The weekends will have unique schedules to accommodate the needs of each class. The class of 2022 weekend follows a traditional schedule with Mass on Saturday evening and the University Commencement Ceremony on Sunday morning. The class of 2020 weekend contains a mixture of collegiate academic celebrations and social events that students missed near the end of senior year or during senior week. The Mass and University Commencement Ceremony will be celebrated back-to-back on Sunday morning, May 29.
During the ceremony, what will the class of 2020 receive?
On a traditional commencement weekend, students receive their diploma at ceremonies within each college or school. The class of 2020 has the unique situation of having already received their diplomas in the mail back in May 2020. As a result, each college or school will hold an event to celebrate their 2020 graduates. The Law School and Graduate School have opted for a traditional ceremony format. The other colleges and schools are having celebration events. These celebrations will provide the students the opportunity to take official photos using an empty diploma cover with the dean, faculty, family and fellow students.
Do you know of any other colleges doing this?
A number of universities around the nation have invited students for commencement celebrations. Notre Dame also invited the class of 2020 members back to campus last fall, with tickets for the Notre Dame vs. Cincinnati football game.
Do you have any way of knowing if many from the class of 2020 will return for their Commencement?
There has been robust confirmation of attendance among the class of 2020. Presently, the RSVP data show about 1,800 students and 6,700 guests attending. It is wonderful so many graduates are returning for the weekend celebrations.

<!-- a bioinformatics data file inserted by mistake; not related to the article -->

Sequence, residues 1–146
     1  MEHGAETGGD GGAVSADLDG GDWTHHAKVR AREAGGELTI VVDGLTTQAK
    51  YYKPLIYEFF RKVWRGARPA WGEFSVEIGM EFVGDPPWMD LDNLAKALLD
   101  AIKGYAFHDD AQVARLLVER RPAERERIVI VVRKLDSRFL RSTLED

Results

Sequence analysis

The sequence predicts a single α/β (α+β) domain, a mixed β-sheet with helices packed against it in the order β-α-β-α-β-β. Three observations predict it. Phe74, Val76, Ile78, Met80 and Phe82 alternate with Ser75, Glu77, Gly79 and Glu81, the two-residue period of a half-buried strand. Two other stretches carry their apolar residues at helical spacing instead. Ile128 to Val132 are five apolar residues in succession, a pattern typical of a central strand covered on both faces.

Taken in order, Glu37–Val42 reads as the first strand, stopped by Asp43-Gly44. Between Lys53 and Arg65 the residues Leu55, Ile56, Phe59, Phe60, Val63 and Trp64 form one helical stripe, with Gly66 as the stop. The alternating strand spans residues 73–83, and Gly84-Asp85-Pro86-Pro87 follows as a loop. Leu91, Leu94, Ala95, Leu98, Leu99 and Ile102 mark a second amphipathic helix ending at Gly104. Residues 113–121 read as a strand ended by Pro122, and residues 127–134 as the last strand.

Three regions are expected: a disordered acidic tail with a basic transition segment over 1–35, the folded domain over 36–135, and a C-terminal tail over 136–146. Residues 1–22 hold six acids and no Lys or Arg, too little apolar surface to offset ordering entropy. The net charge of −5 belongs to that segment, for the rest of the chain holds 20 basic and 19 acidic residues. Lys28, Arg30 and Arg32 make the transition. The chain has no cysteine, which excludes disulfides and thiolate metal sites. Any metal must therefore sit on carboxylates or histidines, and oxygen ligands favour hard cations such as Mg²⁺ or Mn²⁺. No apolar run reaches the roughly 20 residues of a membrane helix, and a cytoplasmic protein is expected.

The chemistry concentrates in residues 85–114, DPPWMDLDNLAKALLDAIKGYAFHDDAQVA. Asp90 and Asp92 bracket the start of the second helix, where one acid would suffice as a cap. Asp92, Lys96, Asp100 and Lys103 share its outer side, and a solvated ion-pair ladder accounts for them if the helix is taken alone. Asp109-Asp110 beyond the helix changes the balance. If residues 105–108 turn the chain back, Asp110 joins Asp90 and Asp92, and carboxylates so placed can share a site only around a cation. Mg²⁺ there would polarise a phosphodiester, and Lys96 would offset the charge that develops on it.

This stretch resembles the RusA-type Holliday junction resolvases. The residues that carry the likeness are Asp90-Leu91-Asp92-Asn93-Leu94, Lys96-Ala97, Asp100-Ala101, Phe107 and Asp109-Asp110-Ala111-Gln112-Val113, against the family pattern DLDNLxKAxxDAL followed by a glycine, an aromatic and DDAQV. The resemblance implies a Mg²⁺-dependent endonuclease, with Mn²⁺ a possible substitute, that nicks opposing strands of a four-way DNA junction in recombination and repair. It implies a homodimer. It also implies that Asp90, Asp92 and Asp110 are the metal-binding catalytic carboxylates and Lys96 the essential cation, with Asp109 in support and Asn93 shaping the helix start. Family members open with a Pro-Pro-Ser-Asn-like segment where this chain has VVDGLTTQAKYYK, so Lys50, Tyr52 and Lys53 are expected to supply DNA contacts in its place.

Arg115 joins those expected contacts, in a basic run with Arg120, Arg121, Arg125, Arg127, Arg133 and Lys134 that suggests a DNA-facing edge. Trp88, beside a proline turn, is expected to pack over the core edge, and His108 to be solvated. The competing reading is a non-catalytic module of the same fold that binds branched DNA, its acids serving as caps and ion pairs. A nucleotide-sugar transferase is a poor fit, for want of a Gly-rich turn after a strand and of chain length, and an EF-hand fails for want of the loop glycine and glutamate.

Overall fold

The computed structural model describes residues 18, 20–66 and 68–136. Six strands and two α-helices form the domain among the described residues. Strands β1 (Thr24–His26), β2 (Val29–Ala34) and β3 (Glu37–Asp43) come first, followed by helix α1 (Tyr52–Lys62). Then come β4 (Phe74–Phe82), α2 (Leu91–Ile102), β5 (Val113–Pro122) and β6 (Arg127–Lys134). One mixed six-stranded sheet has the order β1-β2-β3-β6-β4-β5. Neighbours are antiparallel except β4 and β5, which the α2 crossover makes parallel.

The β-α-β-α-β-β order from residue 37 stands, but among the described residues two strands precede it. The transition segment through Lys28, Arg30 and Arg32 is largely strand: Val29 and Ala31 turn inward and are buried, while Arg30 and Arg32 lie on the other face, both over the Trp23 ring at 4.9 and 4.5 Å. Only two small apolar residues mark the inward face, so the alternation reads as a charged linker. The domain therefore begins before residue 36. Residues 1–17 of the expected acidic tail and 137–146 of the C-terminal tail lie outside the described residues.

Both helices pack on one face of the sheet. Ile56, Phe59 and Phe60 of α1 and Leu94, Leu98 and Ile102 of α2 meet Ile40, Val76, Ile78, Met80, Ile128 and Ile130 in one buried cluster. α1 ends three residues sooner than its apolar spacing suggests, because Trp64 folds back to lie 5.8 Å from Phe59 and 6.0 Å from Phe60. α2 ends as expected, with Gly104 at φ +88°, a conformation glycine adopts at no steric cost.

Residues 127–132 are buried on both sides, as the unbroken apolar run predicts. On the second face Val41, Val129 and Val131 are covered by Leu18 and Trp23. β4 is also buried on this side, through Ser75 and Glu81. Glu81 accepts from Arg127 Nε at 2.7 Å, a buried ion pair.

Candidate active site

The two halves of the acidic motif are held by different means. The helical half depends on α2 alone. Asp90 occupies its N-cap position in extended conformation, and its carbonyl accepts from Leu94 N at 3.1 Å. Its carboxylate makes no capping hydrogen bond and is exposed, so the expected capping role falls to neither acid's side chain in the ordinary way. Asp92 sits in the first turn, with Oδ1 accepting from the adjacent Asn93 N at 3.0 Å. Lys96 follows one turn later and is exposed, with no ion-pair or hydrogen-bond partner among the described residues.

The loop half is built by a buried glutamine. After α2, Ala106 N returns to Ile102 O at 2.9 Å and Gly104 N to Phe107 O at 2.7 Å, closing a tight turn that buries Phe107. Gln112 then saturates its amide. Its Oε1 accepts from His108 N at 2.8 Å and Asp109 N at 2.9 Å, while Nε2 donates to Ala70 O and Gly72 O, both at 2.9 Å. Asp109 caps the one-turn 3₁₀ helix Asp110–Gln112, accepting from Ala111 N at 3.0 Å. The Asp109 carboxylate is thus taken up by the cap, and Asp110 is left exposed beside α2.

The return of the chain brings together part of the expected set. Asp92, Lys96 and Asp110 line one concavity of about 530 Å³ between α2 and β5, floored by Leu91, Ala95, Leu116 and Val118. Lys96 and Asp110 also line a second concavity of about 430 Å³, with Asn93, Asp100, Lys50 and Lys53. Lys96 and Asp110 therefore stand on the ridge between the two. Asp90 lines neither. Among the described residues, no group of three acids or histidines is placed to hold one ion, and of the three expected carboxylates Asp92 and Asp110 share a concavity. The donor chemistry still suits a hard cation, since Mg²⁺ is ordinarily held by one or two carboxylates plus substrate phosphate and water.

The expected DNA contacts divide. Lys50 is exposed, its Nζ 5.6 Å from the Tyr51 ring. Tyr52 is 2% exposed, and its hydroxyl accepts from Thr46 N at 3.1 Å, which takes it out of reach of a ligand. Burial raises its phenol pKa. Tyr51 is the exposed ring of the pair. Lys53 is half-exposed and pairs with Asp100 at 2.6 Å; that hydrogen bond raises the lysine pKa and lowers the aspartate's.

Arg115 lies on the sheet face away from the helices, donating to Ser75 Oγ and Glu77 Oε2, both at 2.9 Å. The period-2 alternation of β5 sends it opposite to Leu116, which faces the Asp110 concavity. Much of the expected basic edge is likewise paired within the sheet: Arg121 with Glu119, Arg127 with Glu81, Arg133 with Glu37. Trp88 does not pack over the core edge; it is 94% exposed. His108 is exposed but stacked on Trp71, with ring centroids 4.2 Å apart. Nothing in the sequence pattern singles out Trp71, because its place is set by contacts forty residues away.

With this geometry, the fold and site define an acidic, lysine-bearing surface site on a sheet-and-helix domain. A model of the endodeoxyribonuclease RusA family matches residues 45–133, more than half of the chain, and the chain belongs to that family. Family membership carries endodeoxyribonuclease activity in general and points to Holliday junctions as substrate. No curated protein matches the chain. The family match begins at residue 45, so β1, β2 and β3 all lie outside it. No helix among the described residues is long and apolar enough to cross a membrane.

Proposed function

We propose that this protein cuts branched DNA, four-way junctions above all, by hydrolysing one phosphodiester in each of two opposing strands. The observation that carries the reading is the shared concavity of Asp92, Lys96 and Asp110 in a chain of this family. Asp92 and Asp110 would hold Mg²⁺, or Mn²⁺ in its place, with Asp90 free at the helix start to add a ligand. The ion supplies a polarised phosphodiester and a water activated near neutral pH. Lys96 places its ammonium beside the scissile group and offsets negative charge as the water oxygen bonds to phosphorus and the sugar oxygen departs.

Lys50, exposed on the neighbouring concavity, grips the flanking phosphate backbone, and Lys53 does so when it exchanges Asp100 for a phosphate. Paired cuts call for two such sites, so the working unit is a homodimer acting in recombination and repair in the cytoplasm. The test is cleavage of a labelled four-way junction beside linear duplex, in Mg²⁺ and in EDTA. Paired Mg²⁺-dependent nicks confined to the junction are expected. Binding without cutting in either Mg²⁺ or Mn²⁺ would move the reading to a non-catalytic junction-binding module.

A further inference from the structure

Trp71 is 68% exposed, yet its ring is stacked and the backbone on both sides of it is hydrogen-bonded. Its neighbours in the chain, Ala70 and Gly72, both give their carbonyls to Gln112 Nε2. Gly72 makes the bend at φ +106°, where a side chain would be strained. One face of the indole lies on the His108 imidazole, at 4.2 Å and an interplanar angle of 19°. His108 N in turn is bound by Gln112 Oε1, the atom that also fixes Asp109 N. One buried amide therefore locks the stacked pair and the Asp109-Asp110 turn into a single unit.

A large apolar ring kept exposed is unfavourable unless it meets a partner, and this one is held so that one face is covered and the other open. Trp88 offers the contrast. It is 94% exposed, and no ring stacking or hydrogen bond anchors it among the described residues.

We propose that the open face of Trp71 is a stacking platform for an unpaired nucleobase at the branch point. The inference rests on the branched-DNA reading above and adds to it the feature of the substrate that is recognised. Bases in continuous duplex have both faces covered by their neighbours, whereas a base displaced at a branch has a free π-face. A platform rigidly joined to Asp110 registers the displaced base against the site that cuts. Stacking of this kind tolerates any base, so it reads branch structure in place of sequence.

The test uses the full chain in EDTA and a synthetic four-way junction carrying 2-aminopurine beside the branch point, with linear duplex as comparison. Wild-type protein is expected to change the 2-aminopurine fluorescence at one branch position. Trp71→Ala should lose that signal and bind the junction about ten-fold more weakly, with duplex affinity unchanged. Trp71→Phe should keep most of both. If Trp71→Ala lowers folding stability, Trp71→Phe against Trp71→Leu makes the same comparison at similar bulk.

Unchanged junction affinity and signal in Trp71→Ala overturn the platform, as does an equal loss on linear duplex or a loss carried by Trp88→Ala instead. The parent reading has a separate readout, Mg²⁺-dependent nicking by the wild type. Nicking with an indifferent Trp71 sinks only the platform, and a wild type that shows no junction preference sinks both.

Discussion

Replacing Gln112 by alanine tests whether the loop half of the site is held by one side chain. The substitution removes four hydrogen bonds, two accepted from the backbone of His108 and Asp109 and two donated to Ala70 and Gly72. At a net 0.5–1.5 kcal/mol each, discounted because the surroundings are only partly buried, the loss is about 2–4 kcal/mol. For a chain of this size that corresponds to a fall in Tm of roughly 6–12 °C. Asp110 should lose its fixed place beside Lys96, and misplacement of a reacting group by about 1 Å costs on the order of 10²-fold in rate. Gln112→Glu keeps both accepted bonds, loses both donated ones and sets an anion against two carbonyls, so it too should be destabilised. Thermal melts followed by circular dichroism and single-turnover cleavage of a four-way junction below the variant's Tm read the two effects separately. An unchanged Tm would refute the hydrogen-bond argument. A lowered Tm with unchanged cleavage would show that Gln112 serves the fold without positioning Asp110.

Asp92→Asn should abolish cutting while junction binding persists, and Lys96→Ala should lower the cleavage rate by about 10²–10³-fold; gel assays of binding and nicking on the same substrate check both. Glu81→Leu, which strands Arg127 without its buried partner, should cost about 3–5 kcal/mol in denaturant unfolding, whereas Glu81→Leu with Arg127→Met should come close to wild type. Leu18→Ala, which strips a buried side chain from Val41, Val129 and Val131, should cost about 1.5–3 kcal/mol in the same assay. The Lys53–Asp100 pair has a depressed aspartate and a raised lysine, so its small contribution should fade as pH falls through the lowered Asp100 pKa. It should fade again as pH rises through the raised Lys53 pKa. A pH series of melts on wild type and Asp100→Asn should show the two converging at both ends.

The virtual Commencement of 2020 had to be unreal. Could you remind us how your office handled that?
The virtual Commencement Ceremony for May 2020 was an interesting experience. Even during the pandemic, the University community still wanted to celebrate the achievements of this class. Moreover, Father Jenkins needed to confer the degrees upon our graduates alongside Provost Tom Burish and Chairman of the Board of Trustees Jack Brennan. The registrar’s team was fortunate enough to partner with colleagues in Notre Dame Studios led by Dan Skendzel.
The ND Studios team did a fantastic job at providing the livestreamed ceremony under such challenging circumstances. Because of remote work and physical distancing requirements, we were limited in the number of folks who could be in a room. As a result, Senior Assistant Registrar Liz Rosencrantz and Commencement Specialist Stephanie Maenhout worked astronomical hours to pull off the ceremony. I recall being on a Zoom call with Stephanie at 3 a.m. the day before the virtual graduation and commenting, “Nobody knows how much you and Liz are doing for these students, but the whole University is grateful.” I think Stephanie, Liz and I were zombies by the end of that week from a lack of sleep, but the result was a fantastic online ceremony to celebrate our graduates in the best way possible under pandemic circumstances.
What would you like people to know about your staff and the work you put into Commencement?
Our team takes a great deal of pride in putting on a wonderful Commencement Ceremony for our students and families. The dedication of our staff is nearly boundless. It is not unusual on Commencement weekend for the registrar’s team to work 16 hours on Friday, and on Saturday to work 7 a.m. until midnight, and then return on Sunday morning at 4 a.m. The examples of the staff’s dedication to the University are too numerous to list out. These folks love Notre Dame, love our students and faculty, and will do anything to promote the greater good of our community.